• enable public bodies to buy land at closer to current use value, estimated to be able to reduce the cost of affordable housing by 50%.
  • remove permitted development rights that allow offices to be converted to homes without needing planning permission.
  • stronger public involvement in planning.
  • proposals to promote community ownership and control of land and buildings.
  • greater provision of parks and stronger use of the public realm. And a stronger right to roam.

It’s a detailed report, an instructive read, and in my view spot on in its analysis. It follows on from a lot of good work on the land question done by others in the recent past and covered on Red Brick, see Dave Treanor here, London Assembly Housing Committee here and Josh Ryan-Collins, Toby Lloyd and Laurie Macfarlane for the New Economics Foundation here.

The Monbiot et al report is a serious contribution to a genuine debate, so it is enlightening to see how it is treated by the media. Most of it was hugely hostile, and I couldn’t find a word about it on the BBC News or Sky News website. Let’s see if Channel 4 can do a little better. But it shows the real difficulty Labour has in promoting progressive policies for wider debate, and the inherent bias in the mainstream media against leftish proposals, even when they are as strong and beneficial as these.

When the headlines say ‘an end to council tax’ or ‘an end to stamp duty’ then the public might have a chance of understanding what it’s about.


* The seven authors are : George Monbiot (editor), Robin Grey, Tom Kenny, Laurie Macfarlane, Anna Powell-Smith, Guy Shrubsole, Beth Stratford.

3 replies on “Labour’s ‘Land Grab’”

I quote ‘replace council tax with a progressive property tax payable by owners not tenants – with surcharges for empty and second homes and non-UK residents.’ When a FOI was made it was revealed that thousands of houses are empty in our area of London. Where I live you can walk down street after street where no one lives. Properties bought for investment purposes by overseas buyers and still they are not penalised. They never will be because they are the friends and associates of politicians and we all know that turkeys don’t vote for Christmas.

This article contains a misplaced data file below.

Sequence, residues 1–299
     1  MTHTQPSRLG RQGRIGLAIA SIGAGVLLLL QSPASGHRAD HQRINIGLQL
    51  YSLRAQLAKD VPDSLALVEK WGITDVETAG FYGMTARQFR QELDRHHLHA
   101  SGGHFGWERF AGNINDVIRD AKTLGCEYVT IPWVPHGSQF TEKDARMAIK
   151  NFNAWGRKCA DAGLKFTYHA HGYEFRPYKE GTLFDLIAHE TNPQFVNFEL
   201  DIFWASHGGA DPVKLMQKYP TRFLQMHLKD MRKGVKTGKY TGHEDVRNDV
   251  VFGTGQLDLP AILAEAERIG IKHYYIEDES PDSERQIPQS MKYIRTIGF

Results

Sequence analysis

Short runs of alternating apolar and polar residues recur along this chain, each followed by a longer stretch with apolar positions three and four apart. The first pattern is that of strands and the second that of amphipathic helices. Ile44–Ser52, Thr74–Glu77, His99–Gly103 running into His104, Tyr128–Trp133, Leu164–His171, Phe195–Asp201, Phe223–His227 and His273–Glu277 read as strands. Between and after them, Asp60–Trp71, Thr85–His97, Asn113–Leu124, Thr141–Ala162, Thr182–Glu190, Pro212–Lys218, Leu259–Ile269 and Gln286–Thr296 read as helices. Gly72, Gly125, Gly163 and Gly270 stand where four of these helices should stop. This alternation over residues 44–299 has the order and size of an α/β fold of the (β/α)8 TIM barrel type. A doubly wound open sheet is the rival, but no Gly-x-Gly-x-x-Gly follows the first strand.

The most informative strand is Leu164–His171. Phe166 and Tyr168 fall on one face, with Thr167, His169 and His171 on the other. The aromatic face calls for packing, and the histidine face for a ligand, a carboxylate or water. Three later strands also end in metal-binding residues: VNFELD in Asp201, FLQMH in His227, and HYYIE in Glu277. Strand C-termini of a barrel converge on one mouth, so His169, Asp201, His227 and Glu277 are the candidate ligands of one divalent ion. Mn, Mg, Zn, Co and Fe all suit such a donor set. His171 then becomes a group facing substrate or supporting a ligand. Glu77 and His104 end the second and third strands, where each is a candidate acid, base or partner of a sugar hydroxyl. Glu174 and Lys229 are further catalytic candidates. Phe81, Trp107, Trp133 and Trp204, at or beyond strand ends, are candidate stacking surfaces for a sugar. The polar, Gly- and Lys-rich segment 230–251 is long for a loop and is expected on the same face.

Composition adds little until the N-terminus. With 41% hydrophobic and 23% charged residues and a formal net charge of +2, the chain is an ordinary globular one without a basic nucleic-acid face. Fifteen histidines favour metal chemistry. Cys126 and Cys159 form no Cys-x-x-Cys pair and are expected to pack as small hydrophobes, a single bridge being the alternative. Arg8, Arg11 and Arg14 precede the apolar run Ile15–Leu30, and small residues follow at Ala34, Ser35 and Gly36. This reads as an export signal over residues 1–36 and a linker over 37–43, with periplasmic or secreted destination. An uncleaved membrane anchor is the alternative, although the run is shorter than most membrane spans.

Yet another report on housing that fails to deal with the issue of embodied carbon ie 50% of whole life emissions, and those ‘released’ in the short term when reductions are most necessary. see
The policies most needed are those that would address under-occupation inc empty properties, to make better use of the existing housing stock. Sub-divisions of millions of under-occupied dwellings including green refits (required by 25million dwellings by 2030) would result in the occupation of space being heated and insulated. This could be combined with the substantial demand for custom-building (ie custom-splitting), by partnering those keen to downsize-in-place; another significant housing issue.
Incidentally, the role of planning to control agricultural uses is discussed at

Indeed under occupation is a big problem. In England and Wales alone owner occupiers consume an extra 12 million bedrooms compared to those that rent, pro rata.

That’s because owner occupiers aren’t paying the same housing costs, pro rata.

Tax the rental value of land at 100%, the market is leveled for all participants allowing it to optimally allocate existing housing stock, thus negating the need to build the numbers/type of housing currently projected i.e reduces costs.

Such a tax also reduces the selling price of land to zero, with a concomitant effect on house prices, precisely because it transfers incomes back to those that find housing unaffordable now.

That actually solves housing issues, whereas current policy proposals merely mitigate them while making other problems worse.